Live Work Studio

Commercial / Residential

Forming a commitment to smart, compact living within the inner loop of Houston, this AIA Houston Design Award winning live work studio represents  a ground floor work environment with living space above. The lot itself meets the highest LEED for homes criteria for an urban lot with access to public transportation and amenities. Building Live Work space together created a sustainable modern design by having less building footprint as well as energy saved from a daily commute. Other sustainable modern design features focus on simple, cost effective solutions such as careful building siting / orientation, natural ventilation, daylighting, use of materials and permeable exterior surfaces. Careful building orientation helps reduce energy consumption. In Houston cooling is paramount so on the South and West facades windows are minimized and used in conjunction with large overhangs. The large glass facade opens up to the East catching morning winter sun. In summer the sun is higher in the sky so the morning period receiving direct sun is even briefer. In addition this facade was designed to be shaded in summer by a majestic 75 yr old 60 foot tall red oak tree. Exterior materials of Galvalume metal siding and concrete fiberboard siding include recycled content also contributing to a sustainable modern design. Materials are sourced from less than 500 miles away where possible, another LEED for homes criteria, including windows which were made locally. Natural daylighting in the space is very effective, typically lights are never turned on during the day. Windows are operable and used to catch breezes throughout the spring and fall.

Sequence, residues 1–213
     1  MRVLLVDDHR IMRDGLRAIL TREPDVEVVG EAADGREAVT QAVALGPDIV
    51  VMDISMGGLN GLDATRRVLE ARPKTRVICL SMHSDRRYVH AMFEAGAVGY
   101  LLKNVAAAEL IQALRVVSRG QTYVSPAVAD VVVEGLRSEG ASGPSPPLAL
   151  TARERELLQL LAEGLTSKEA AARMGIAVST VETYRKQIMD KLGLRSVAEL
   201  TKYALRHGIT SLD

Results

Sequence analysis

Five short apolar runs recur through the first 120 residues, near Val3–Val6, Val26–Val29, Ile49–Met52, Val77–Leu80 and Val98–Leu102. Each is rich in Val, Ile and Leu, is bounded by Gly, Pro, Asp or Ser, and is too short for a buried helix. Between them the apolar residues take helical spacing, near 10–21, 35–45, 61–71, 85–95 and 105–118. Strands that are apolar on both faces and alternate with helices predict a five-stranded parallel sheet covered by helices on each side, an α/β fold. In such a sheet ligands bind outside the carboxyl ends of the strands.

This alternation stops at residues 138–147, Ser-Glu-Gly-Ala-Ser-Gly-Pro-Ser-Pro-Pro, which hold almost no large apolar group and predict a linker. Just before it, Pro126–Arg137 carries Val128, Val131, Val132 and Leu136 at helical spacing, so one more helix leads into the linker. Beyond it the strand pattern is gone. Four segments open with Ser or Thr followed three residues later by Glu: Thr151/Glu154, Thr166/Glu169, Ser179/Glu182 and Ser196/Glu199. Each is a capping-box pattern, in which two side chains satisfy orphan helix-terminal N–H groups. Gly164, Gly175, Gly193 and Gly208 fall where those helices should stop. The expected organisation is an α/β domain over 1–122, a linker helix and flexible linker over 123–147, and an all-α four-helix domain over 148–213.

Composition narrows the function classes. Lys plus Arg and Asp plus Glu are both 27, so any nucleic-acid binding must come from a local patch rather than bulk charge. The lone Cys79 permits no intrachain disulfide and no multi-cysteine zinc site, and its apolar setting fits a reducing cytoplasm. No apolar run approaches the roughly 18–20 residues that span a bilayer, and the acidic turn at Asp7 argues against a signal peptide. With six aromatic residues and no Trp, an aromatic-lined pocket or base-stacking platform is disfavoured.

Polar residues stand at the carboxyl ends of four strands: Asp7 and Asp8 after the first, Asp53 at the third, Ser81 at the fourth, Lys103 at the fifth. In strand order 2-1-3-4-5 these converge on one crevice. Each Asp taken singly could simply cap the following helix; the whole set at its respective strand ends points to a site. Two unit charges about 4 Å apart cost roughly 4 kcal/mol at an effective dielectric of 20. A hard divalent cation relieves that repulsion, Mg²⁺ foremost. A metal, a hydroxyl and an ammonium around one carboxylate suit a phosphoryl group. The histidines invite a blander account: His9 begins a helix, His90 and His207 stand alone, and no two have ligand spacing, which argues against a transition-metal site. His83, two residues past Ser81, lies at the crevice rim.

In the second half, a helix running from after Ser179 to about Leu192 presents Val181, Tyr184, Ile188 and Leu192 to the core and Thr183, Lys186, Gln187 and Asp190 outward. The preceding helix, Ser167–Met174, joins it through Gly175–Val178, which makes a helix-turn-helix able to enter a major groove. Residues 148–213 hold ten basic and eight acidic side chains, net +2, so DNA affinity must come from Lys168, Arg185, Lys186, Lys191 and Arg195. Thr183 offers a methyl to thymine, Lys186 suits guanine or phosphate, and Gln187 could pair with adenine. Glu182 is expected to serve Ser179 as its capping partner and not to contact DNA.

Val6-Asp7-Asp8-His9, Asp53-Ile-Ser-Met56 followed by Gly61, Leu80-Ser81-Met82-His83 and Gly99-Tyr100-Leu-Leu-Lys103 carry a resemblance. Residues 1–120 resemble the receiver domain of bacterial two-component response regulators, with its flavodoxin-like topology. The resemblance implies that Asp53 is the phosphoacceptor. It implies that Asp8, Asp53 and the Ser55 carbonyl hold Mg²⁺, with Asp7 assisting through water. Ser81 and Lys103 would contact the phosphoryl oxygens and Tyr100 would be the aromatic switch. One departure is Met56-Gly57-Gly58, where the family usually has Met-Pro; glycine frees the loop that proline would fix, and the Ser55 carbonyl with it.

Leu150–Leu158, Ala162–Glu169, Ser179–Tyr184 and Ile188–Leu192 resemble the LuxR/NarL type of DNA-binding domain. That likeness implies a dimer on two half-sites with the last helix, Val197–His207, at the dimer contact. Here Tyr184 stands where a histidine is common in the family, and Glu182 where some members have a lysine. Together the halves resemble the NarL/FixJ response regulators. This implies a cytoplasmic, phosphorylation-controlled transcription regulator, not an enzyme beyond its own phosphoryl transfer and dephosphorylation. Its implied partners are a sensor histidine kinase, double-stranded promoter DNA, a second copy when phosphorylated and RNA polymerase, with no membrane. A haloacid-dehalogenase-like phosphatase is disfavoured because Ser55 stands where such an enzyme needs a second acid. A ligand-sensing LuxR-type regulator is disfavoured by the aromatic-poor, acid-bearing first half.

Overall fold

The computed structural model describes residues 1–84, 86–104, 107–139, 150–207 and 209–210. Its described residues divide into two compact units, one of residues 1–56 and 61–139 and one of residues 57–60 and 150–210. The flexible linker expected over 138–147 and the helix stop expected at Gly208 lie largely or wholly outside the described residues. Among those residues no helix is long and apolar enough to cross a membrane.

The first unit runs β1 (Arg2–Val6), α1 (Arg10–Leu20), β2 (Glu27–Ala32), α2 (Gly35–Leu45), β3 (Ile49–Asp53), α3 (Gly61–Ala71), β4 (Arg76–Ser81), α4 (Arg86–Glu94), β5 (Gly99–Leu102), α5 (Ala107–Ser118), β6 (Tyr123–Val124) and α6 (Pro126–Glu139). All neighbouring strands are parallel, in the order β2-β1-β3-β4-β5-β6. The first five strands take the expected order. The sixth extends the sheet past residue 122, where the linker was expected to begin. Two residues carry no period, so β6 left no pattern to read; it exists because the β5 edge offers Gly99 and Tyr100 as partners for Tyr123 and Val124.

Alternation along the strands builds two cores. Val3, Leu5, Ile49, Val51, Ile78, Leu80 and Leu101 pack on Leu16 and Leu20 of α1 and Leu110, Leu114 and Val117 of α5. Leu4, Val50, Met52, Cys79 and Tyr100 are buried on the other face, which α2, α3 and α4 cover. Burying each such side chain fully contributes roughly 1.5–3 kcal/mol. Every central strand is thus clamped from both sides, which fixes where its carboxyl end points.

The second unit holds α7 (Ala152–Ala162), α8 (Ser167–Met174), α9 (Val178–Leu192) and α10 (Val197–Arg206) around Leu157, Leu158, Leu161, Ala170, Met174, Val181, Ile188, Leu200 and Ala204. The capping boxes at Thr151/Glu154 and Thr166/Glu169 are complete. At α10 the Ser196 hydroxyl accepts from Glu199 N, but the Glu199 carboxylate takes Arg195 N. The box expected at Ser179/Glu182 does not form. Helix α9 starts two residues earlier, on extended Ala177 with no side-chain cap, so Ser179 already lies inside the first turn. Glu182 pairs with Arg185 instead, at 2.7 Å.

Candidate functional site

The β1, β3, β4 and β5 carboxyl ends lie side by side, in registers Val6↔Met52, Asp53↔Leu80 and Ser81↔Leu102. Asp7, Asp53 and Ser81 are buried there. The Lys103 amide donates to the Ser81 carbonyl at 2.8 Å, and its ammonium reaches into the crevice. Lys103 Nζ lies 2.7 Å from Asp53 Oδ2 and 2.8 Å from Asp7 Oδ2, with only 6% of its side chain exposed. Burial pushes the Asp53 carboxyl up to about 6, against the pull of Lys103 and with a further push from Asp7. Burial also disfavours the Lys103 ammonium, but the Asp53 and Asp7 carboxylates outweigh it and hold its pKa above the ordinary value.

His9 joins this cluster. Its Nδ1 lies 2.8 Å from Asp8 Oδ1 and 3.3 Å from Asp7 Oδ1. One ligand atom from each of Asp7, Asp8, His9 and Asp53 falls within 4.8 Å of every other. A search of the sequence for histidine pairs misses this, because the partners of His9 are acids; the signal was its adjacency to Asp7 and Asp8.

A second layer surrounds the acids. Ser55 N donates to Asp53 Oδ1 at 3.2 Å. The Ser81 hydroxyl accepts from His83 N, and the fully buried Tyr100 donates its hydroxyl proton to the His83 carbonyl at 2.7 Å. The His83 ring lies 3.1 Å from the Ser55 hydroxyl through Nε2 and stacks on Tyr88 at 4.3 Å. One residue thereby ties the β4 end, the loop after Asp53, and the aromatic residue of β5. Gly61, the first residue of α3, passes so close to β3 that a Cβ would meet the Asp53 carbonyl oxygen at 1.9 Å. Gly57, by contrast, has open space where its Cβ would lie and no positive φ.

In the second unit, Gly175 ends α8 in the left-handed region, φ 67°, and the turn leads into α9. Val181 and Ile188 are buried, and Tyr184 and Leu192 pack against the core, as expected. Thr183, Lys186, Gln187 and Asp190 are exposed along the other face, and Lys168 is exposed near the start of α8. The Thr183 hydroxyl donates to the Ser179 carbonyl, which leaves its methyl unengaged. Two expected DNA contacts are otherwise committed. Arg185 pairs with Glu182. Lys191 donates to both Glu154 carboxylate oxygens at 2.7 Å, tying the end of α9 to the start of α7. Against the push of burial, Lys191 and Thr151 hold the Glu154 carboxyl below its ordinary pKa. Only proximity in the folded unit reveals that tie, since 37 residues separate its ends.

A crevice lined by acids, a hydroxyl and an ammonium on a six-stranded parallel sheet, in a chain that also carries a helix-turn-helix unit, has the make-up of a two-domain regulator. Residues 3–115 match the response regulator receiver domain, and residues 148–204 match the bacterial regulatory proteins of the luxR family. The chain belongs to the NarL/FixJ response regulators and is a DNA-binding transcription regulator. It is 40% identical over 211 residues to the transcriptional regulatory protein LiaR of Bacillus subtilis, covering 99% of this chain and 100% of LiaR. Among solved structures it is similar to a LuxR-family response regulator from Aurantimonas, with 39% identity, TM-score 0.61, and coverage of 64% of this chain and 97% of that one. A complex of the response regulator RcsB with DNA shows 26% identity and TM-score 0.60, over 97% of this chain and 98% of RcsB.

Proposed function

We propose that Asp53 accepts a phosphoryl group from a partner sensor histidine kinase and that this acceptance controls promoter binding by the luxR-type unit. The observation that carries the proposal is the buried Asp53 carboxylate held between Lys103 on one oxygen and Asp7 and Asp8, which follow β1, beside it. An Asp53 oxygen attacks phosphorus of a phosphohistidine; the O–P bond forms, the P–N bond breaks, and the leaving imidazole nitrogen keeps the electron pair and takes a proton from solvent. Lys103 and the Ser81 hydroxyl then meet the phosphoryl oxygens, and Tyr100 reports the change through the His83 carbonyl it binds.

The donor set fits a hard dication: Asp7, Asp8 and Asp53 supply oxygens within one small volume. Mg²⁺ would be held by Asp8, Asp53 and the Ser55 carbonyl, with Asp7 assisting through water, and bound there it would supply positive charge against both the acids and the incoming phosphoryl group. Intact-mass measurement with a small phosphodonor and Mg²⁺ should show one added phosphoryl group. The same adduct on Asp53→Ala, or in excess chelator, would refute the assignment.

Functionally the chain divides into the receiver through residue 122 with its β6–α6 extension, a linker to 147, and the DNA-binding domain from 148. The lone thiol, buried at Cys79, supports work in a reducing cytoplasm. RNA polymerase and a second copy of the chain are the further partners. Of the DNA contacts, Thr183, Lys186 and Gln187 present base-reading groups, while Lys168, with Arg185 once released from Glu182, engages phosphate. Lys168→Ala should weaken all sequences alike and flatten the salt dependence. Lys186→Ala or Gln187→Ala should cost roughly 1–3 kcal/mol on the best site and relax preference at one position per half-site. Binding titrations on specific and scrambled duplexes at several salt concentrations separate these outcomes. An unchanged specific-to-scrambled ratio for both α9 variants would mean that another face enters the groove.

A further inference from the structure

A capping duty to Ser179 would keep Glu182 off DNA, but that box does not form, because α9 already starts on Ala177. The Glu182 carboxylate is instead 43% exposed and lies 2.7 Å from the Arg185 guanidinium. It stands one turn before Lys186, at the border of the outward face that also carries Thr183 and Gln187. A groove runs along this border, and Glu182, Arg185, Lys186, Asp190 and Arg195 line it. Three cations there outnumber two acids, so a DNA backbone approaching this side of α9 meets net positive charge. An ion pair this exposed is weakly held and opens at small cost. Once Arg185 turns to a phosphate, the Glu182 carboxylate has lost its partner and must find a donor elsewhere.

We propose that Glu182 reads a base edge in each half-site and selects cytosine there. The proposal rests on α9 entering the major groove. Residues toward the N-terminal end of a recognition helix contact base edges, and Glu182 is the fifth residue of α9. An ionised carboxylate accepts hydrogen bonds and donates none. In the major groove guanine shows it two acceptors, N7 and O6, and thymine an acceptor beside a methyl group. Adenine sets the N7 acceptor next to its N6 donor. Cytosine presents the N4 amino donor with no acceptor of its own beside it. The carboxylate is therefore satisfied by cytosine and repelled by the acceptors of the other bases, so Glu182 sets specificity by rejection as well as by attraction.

Live Work Spaces are designed with flexibility and dual functions in mind in order to do more with less space. Examples of these flexible spaces design to evolve and change over time include the downstairs seating area which doubles as exhibition space for hosting work by local artists. Upstairs, a layout space and an architectural materials library by day transforms into a dining area by night to seat up to 14 guests. An expanding family transformed needs to include a child’s bedroom and play areas.  The clean design aesthetic lends itself to sustainability in limiting the use of materials. For example steel columns often covered up in other structures are left exposed. Wood subflooring typically covered is exposed on the first floor as a wood ceiling and becomes the finished flooring of the second floor. No superfluous decorative elements mean less materials usage as well, another LEED for homes feature.  This sustainable modern design with thoughtful, flexible spaces design to evolve and change over time won an AIA Houston Design Award and was featured in Stephen Fox’s architectural guide to Houston.


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